Van Deusen: How do you think the overall action would have gone if there was no Black Bloc?

Lady: It’s usually not the case that I say this, but some community members would not have heard about this. We got information out days before the protest, as well as flyering a follow up the day after. I honestly believe that the three Somali men, a few independent media types, and at least 20 local kids, that were with us would not have come out to where the National Alliance was recruiting that day.

Van Deusen: Peace rally? Is that like a protest against the white supremacists?

Lady: At every anticipated fascist hoopla, where the police think a good amount of attention will be drawn, these rallies are organized. They are always away from where the white power dudes are, and almost always in a closed off building. Two things right away should key you in to the fact that this is an attempt to pacify people: 1. The police and liberal groups work together, and; 2. A closed off building (i.e. no traffic or pedestrians notice you, and you can’t get outta there very easily). They are organized in good spirit, but distract from the real problem. The issue at hand that day was not the peaceful people in the gymnasium, but the white supremacist organizers hovering at the end of the neighborhood trying to pick off some welfare white boys who agree “Yeah! How come the Somali’s get all the jobs and food stamps?! I’m hungry! I can’t find work!” White power organizers become powerful because people pray inside closed doors when they have public rallies.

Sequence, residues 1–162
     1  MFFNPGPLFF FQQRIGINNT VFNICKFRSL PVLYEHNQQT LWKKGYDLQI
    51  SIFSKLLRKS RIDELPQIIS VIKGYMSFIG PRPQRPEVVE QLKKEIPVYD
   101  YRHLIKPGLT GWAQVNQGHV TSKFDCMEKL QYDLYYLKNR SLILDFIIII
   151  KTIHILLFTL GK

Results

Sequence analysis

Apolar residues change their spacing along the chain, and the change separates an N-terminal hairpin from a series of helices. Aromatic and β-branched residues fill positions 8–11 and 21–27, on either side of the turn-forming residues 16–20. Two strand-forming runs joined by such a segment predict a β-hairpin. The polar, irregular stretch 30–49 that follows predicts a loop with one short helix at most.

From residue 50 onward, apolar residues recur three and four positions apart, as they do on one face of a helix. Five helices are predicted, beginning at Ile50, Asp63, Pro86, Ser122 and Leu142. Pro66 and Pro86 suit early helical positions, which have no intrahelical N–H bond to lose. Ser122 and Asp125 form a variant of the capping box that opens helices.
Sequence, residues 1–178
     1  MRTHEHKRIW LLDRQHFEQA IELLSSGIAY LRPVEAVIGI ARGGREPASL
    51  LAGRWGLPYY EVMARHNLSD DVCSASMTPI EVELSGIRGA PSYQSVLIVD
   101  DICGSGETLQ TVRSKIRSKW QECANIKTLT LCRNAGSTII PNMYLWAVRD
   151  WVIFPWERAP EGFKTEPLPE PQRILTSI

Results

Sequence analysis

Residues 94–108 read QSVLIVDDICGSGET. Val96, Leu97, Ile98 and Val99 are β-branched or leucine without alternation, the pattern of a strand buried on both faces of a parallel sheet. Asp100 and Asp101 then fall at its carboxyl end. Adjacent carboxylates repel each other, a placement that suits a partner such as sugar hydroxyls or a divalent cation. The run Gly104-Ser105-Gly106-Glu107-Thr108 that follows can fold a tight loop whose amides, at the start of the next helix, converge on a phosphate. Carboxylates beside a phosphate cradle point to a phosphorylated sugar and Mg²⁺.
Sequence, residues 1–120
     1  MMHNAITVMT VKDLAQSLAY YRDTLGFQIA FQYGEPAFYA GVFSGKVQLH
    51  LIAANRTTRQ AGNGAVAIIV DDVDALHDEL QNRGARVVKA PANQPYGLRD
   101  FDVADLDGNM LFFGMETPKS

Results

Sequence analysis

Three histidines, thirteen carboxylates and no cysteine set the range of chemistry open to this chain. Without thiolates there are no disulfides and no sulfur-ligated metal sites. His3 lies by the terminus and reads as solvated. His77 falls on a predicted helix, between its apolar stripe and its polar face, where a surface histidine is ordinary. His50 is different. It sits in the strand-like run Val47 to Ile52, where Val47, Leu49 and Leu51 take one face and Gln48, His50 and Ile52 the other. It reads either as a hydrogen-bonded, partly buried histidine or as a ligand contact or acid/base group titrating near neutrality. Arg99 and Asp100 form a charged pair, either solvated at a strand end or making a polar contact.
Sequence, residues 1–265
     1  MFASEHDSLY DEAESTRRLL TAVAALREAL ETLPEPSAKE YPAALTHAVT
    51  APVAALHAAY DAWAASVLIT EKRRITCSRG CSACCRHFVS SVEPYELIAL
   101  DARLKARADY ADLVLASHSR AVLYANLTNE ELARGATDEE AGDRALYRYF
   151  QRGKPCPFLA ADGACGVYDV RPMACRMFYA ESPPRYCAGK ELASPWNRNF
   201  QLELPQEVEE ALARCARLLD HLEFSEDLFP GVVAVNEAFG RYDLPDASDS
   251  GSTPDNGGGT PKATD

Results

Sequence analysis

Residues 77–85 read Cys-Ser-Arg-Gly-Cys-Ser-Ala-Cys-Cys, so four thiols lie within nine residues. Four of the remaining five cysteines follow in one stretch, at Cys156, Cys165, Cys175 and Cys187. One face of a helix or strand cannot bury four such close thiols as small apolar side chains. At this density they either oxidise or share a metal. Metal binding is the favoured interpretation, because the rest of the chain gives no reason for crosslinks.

Van Deusen: You were also present in York, Pennsylvania, during the street fighting with the Hammerskins. How did Lewiston compare to your experiences in York?